Lumber at the site of a house under construction in the Cielo at Sand Creek by Century Communities housing development in Antioch, California, U.S., on Thursday, March 31, 2022.
David Paul Morris | Bloomberg | Getty Images
Bank regulators on Thursday proposed the first sweeping changes in more than 25 years to a controversial law aimed at increasing lending to low- and moderate-income communities.
The changes would tailor the Community Reinvestment Act’s approach to making sure banks are not engaging in “redlining,” or refusing to put money in areas often populated by minorities and lower wage earners.
Passed in 1977, the act has been a sore spot among some banks, particularly larger lenders, who complain about the costs and reporting burdens. However, affordable housing advocates say the CRA has been pivotal in providing equal housing opportunities.
“The CRA is one of our most important tools to improve financial inclusion in communities across America, so it is critical to get reform right,” said Lael Brainard, the Federal Reserve vice chair. “It evaluates bank engagement across geographies and activities in order to ensure the CRA is effective in supporting a robust and inclusive financial services industry.”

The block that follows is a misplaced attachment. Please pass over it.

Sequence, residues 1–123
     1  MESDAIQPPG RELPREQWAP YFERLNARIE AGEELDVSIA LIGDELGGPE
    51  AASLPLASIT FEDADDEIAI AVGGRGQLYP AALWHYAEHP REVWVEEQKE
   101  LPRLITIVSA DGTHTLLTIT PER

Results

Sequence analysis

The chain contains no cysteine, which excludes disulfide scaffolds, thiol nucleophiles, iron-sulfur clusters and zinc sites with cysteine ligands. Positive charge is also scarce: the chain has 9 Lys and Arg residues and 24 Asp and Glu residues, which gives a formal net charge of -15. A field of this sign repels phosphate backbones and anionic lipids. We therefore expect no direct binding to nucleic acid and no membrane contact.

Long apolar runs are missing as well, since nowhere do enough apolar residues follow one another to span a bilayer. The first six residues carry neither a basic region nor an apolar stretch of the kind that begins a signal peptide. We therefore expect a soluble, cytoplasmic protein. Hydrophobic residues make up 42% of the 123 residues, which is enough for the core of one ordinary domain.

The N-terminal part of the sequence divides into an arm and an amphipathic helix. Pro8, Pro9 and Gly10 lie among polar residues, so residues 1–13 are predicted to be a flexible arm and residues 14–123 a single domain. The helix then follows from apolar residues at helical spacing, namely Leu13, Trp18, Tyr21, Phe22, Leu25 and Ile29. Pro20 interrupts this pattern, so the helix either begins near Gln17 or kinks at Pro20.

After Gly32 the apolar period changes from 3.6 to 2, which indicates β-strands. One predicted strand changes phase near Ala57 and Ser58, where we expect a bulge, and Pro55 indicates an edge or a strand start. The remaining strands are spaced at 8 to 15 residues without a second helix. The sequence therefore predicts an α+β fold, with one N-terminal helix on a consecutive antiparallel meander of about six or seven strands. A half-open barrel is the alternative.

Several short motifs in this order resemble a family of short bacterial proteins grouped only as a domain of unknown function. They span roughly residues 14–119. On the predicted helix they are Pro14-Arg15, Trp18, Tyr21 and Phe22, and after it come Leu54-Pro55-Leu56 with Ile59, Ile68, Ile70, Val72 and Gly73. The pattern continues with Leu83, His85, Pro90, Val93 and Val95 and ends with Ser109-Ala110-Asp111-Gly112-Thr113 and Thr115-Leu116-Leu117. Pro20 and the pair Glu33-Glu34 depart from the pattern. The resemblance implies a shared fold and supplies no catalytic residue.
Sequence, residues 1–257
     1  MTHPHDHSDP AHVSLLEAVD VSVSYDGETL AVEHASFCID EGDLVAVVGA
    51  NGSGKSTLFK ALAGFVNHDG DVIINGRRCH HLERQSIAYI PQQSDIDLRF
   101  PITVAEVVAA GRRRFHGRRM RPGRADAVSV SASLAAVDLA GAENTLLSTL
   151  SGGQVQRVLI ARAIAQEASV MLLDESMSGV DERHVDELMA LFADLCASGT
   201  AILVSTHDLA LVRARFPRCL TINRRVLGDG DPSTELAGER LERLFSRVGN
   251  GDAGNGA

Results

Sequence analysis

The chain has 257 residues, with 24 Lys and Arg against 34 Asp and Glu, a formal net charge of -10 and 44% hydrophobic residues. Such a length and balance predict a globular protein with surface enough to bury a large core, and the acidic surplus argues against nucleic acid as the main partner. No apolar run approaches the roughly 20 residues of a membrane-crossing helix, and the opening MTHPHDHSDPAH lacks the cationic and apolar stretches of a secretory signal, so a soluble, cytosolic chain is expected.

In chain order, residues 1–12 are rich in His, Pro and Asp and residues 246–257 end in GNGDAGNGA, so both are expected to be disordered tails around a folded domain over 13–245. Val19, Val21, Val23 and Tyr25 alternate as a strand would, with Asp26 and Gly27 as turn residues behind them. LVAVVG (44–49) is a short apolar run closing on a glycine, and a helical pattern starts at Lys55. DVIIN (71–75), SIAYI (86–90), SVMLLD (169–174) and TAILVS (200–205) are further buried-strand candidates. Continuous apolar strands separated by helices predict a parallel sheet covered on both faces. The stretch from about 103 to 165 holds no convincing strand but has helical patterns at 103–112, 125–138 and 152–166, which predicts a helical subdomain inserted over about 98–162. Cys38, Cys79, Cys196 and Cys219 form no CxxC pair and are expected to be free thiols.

Since the last CRA revisions, online and mobile banking has become a major part of the finance industry without more specific guidelines for how they will be evaluated under fair housing guidelines.
The changes look to offer clearer public benchmarks for evaluation while allowing smaller banks to continue operating under the former rules.
Larger lenders have pushed back against the CRA expansion, saying the rules would add to their costs and are overreaching.
Fed governor Michelle Bowman said she generally supports the opportunity for revisions but expressed hesitation about the ramifications in the new proposal.
For instance, she noted that banks with assets greater than $10 billion would be subject to a raft of new disclosure requirements involving car loans, mobile and online banking services and community development funding.
“While I support issuing the proposed rule for public comment, there are significant unanswered issues posed by the proposal,” Bowman said. “Fundamentally, we do not know if the costs imposed under the proposal will be greater than the benefits.”
The proposal seeks public comment through Aug. 5, with anticipation that it would take effect a few months after publication in the Federal Register.